I never thought of it that way. Making your spots relevant to your format and listeners. Interesting concept. Thank you for the tip.

    Liked by 1 person

  3. Pingback: Relevancy | artversnick

  4. Doug

    Dick….I read both Alan and John’s articles and they, as well as yours, hit the nail on the head. When I sold radio and during my time as a sales manager I used the phrase “advertising is getting the people to know you before they need you, so when they need you they know you”. You have to be relevant to connect with them and the typical nonsense you hear on the radio today is bad. I’m a big fan of Roy Williams, The Wizard of Ads, and his books taught me the term Reticular Activator…which is exactly what Alan and John were referencing. If someone reading this reply is not familiar with Reticular Activator please look it up as it is the foundation of how ads work when done correctly.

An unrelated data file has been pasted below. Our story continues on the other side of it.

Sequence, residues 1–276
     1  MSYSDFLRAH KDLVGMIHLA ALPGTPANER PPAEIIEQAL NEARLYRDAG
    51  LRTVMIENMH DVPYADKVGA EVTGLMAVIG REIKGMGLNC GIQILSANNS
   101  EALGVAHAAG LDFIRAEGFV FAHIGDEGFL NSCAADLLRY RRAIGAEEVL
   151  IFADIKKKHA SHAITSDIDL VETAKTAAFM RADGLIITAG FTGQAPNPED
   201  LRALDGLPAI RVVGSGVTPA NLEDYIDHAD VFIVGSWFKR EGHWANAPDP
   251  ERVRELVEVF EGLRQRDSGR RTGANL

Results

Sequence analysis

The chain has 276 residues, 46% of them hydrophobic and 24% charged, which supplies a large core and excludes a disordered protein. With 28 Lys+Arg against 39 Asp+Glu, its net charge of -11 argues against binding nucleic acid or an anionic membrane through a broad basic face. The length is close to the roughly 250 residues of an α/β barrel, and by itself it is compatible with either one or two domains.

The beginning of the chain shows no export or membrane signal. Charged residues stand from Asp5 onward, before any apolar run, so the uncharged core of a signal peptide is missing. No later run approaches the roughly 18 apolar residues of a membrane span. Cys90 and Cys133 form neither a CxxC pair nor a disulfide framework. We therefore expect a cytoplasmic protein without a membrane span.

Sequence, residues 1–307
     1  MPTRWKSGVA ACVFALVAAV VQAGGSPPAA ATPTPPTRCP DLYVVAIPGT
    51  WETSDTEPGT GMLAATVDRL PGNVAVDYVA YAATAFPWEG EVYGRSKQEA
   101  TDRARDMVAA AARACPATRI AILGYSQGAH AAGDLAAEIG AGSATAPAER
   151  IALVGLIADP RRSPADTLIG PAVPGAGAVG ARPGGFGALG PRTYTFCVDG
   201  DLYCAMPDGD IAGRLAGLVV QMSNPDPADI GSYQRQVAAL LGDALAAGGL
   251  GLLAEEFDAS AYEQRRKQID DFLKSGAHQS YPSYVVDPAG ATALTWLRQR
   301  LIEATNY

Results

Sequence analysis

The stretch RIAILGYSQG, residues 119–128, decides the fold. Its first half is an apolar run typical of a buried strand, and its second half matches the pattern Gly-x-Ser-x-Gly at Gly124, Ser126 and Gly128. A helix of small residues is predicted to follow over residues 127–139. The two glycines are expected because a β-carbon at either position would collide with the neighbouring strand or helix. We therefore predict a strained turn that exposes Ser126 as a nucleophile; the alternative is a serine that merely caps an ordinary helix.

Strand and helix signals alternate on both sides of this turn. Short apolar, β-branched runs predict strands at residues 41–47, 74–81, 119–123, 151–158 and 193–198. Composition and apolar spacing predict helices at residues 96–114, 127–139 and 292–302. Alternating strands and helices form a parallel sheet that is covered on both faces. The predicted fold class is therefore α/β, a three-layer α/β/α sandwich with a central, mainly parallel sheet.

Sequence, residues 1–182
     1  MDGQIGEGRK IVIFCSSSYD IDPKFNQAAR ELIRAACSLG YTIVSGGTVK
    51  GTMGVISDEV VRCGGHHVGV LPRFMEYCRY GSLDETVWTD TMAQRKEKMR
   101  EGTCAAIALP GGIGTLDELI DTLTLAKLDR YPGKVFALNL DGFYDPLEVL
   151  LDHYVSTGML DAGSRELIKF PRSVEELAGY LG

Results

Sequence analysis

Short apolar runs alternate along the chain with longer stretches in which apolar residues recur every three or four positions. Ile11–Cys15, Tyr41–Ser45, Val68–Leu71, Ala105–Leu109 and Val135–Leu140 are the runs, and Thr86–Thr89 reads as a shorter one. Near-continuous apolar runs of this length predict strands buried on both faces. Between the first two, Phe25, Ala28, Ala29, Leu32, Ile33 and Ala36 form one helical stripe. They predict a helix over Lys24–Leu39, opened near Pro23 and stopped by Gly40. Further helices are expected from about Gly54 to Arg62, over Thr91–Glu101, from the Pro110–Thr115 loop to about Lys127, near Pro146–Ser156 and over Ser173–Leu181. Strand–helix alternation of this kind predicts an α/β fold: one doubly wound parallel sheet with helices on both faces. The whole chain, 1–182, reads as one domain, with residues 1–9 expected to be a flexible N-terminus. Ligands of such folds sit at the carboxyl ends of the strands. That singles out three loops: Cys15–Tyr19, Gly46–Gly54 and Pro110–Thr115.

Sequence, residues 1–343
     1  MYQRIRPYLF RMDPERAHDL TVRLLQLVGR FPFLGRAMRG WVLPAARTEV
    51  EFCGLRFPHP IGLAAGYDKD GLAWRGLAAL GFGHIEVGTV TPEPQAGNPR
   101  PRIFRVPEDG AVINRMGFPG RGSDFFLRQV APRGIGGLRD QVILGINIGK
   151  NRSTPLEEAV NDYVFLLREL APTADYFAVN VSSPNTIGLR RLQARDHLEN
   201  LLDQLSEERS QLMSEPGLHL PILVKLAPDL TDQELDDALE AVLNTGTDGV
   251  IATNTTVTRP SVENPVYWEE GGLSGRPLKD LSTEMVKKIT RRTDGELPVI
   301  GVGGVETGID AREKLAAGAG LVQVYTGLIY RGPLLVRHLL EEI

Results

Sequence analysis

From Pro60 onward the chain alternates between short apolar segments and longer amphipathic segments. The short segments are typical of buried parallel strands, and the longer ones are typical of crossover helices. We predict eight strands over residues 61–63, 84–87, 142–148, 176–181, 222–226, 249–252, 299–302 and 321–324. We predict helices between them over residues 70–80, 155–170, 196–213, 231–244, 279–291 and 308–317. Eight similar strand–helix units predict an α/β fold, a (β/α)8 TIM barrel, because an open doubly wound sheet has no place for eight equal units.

Liked by 2 people

    • I too am a big fan of Roy. Read all his books. Been to Buda, TX twice. I’m a graduate of the Wizard Academy. The Wizard of Ads trilogy is timeless. I highly recommend them. I use the “Secret Formulas” book in my broadcast sales class on writing persuasively.

      Thanks for stopping by the blog Doug and sharing your experience. -DT

      Liked by 1 person

  5. Well, Dick, I believe you would agree the answer to this begins with the Program Director being given the responsibility for the sound of his or her radio stations again. While there are still many good PD’s in the business, there are, also, a lot of, let’s call them “caretaker PD’s” today. They really don’t know jack about some of the finer points of programming, they just do what the “Corporate PD”, or “VP of Programming” tells them to do. Same for the role of “Assistant PD”, which has also, in some companies, been watered way down from what it once was. As long as “the company” (whoever it is) seeks to take control away from the people who are supposed to be minding the store and the sound of the station, this will not change.

    Liked by 1 person